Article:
Recovery days should be as mental as they are physical. Here are five ways to recharge your brain — as well as your body — and redirect your fitness compass toward success.

For athletes, days off are important for physical recovery and muscle repair, but they are also imperative for mental wellness. If your motivation is flagging, you’re disappointed in your progress or you’re simply in a funk because #life, resetting your mental rheostat could be just what you need to get back on track, both in and out of the gym. Here are five ways to give your brain the R&R it needs, replenishing your mental coffers and ultimately buoying your physical progress.

Give your brain a rest.

Be Present

Sounds crunchy and granola, but being mindful and in the moment means that you can’t focus on anything other than the present — not the past or the future, both of which can make you anxious and stressed. No matter what you’re doing — sitting, working, walking or cooking — take five minutes to focus on the here and now, and use all five of your senses to bring awareness to the present: Smell the air, feel the grass, hear the laughter, taste the food or watch the rain falling. Feel yourself sinking back into negative thought patterns? Choose a word to repeat to yourself like “calm,” or use a physical cue such as snapping a rubber band worn around your wrist to help bring you back to the present.

Be Selfish

“Me” time really is a thing, especially if you’re a people pleaser who constantly puts the needs of others before your own. Prioritizing self-care is important for proper mental recharge, so allow yourself an hour or two each day to do something just for you — get a massage, do a craft, take a walk, work out or read a book. Once you give yourself that needed attention, you’ll be that much better at working with and helping others.

Be Friendly

In this day and age of social media, interpersonal contact has been severely minimized, but research indicates that meeting up with friends stimulates the release of oxytocin, the feel-good hormone that promotes good health and a positive mood. Sideline your smartphone for a few hours and pair up with a pal to take a walk, go on a hike or have a healthy meal.

Be Confident

As an athlete, believing in yourself and in your potential to succeed is as important as putting in the physical work to make it happen, and keeping a confidence journal can help: Instead of dwelling on the negative things about your life, your performance or your physique, log the things that go well, such as an increased one-rep max, a faster 1-mile run, a great first date or a promotion at work. Review these entries when you’re feeling low or need a boost of confidence to get back on track.

Be Relaxed

Nothing is more important for a proper mental and physical reboot than sleep, but often it is difficult to relax after a busy day. Before bed, try this progressive muscle relaxation technique to unwind: Choose a muscle or a muscle group — for example, your quads — and contract it for 10 seconds. Then release it slowly as you exhale and imagine ridding your body of stress, negativity and fatigue. Repeat this process from head to toe.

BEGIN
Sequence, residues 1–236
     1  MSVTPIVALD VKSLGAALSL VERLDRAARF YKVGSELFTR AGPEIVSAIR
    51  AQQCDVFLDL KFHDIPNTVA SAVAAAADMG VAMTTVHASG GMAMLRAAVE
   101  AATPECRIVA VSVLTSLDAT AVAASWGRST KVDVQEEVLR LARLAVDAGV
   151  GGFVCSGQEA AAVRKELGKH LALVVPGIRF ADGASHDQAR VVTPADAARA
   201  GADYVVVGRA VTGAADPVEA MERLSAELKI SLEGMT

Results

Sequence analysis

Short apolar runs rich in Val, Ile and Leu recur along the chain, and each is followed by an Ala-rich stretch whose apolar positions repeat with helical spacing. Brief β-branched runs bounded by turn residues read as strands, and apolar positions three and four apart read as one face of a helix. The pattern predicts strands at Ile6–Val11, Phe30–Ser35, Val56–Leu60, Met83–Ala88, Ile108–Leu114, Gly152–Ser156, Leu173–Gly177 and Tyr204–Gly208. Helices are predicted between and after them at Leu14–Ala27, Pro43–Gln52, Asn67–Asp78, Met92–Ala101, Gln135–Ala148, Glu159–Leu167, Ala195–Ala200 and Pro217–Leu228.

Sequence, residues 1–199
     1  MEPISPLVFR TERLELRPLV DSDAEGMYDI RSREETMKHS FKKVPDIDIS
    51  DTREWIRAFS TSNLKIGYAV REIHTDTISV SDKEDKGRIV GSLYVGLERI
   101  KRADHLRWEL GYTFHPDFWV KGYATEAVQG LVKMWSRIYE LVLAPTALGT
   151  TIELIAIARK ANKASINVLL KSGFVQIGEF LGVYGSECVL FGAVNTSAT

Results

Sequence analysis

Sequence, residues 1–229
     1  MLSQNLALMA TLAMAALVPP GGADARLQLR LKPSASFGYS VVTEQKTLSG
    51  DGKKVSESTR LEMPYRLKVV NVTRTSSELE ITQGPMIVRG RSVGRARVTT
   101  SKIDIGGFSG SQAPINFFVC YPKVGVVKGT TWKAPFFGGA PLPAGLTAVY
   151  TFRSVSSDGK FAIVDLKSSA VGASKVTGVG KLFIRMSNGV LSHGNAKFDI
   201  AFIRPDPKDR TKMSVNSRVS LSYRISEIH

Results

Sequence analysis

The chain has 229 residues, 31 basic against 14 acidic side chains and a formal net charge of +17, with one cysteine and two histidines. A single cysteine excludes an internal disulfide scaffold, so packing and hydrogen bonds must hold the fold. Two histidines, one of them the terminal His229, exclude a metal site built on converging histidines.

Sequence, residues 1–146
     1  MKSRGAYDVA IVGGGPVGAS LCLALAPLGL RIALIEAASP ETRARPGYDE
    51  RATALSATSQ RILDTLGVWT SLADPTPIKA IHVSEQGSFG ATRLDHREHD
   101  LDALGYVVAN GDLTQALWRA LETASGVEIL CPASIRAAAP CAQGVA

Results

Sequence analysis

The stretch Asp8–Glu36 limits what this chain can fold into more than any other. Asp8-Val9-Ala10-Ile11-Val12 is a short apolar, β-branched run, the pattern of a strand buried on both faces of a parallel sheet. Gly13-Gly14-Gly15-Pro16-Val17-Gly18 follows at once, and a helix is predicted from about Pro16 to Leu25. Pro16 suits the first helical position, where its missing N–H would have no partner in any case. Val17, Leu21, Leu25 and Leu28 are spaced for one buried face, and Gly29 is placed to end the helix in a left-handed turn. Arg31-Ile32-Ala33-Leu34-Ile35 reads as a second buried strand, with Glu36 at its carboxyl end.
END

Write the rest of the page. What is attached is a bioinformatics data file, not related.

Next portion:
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pandemic's toll on mental health relationshipsWhen Mark asked me to write a post about the toll the pandemic is taking on mental health and relationships, I didn’t want simply to detail the ways it’s hard to live through a pandemic. Nor did I want to throw a bunch of statistics at you about how many people are having a difficult time. You know that it’s like living in the world’s least entertaining Groundhog-Day-meets-dystopian-thriller film.

If you’re like me, you’re sick of kvetching about 2020. The fact is, though, that I don’t know anyone, myself included, who isn’t struggling in one way or another right now.

After a lot of reflection, I’ve concluded that a big reason why 2020 is so draining is that our usual coping strategies don’t work like we want or expect. Most are aimed at reducing the source of our distress or dealing with the emotional aftermath. This pandemic is ongoing. We’re stuck in the middle of it, with no end in sight, and no way to speed the process along.

That doesn’t mean we’re helpless, though. Personally, I’m a huge believer in practicing self-compassion as a means of coping, almost no matter the situation. I’m talking a formal practice of self-compassion, as outlined by Dr. Kristin Neff and others.https://jamanetwork.com/journals/jamanetworkopen/fullarticle/2770146‘>2 https://www.kff.org/coronavirus-covid-19/issue-brief/the-implications-of-covid-19-for-mental-health-and-substance-use/‘>4 https://richarddehoop.nl/upload/file/self-determination.pdf‘>6

It seems to me that most common coping strategies address competence (developing mastery) or relatedness (connecting to others). However, loss of autonomy—the freedom to control our own actions—is undoubtedly a primary reason we’re struggling.

The problem is, there’s not much we can do about that. The best option is to focus on controlling the things we can control and accepting those we can’t (major serenity prayer vibes, here). I’m not suggesting that we should be reasserting our autonomy by flouting the rules and doing whatever we want, virus be damned. No, the point is to understand why things still feel hard even when we’re trying our best to practice self-care so that we might give ourselves grace.